Experiencing Miyoshi City’s Historic Ochiai Village – Part 2



With its collection of thatched roof farmhouses, stone-lined walking paths, and terraced farm plots that climb up the mountainside, Ochiai Village is an enduring example of a traditional Iya Valley hamlet.

previous post>>Experiencing Miyoshi City’s Historic Ochiai Village – Part 1

Although in times past the only way to get around Ochiai Village would have been on foot, nowadays there is a narrow road which twists and turns as it threads its way up through the village.

And while the road may be convenient for general access, it is still possible to walk along the ancient pathways which interconnect every house, and for the residents, it is still usually the fastest and most direct way to get from place to place. 

But for sure, despite being often steep, walking along these paths is probably the best way for any visitor to encounter the village.

Here and there along the pathways one is sure to find some of the metal sign plaques that have been set up, which conveniently explain in both Japanese and English various aspects of Ochiai, including things like the pathways themselves and the construction of the rock walls.

And being that the village climbs up the mountainside, there are plenty of rock walls all over the place in order to terrace off the land, support the homes, and prevent erosion. Some of these walls are beautifully constructed.

Where traditions continue to live

Also noticeable all around Ochiai are the various farming plots. Some have been leveled off to be suitable for growing rice, but the majority of the fields are sloped.

Actually, the ancient sloped farming methods of the Iya Valley and western Tokushima are recognized by the UN as a Globally Important Agricultural Heritage System (GIAHS).

Potatoes are one of the main crops grown in these sloped areas during the spring and early summer, and the rocky soil of Iya makes them grow particularly small and dense, such that Iya potatoes are a unique culinary offering.

From the late summer into the autumn many of the fields are then sown with buckwheat (soba), and the Iya Valley is famous for both the noodles and porridge made from this hearty grain. Around mid to late September the small white buckwheat flowers come into bloom, and after it has been harvested several weeks later, it is common to see bundles of the plants hung on racks to dry out in the sun.

And for those interested in tasting some of the renowned Iya soba, at the bottom of Ochiai Village along the main road is the Soba Dojo restaurant, which is open daily for lunch.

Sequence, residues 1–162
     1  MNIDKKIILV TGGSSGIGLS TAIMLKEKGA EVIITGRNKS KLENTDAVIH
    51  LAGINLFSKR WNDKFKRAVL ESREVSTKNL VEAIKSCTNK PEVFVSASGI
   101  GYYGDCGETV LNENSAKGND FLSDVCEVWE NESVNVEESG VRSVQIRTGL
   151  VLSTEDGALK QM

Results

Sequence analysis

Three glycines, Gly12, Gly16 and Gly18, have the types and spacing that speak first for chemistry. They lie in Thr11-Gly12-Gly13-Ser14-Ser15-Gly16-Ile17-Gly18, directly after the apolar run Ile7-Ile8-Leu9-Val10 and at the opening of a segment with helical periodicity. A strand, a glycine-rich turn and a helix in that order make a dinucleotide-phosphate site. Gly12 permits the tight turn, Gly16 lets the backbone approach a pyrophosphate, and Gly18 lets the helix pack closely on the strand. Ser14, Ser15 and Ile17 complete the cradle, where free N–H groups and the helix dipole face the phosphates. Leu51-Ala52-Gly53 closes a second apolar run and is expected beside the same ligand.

Also noticeable from late autumn into the winter are the pyramidal towers of grass erected across the fields of Ochiai. These towering bundles are locally known as “koeguro” and are made of the same grass used for thatching the roofs of the houses. However these koeguro bundles are kept like this in order to dry out and partially decompose during the winter, and then in the spring they are shredded into small pieces and spread across the fields as natural fertilizer.

In the center of Ochiai Village, at a point where many of the foot paths converge, is the tranquil Sansho Jinja (Sansho Shrine). Constructed in the 1930s and surrounded by massive old-growth cedar and zelkova elm trees, this shrine is actually an amalgamation of three older shrines which were once located in different parts in the village. 

With the sounds of birds chirping and a curtain of shade provided by the trees, the shrine offers a peaceful resting spot for anyone walking around the village.

Twice a year a festival is held at the shrine where blessings are offered by the local Shinto priest and the neighborhood people engage in various rituals, which includes participants throwing elaborate poles between themselves, local children donning costumes and playing drums, and a procession of carrying around the site a large “mikoshi” portable shrine. 

Anyone is welcome to attend the festivals, but the dates they are held differ every year since they are based on the traditional Japanese (Chinese) Lunar Calendar. But if wishing to come, the festival dates are the 8th day of the 6th lunar month (usually in July), and the 5th day of the 8th lunar month (usually in September).

In part 3 we will go inside one of Ochiai’s thatched roof farmhouses and explain how it is also possible for visitors to stay in one of these beautiful homes overnight.

For more information about Ochiai Village and the Soba Dojo restaurant, check the Ochiai page on the IyaTime website:


(Text by: Shaun Lamzy, Photos by: Oboke Iya Tourist Navigation & Shaun Lamzy)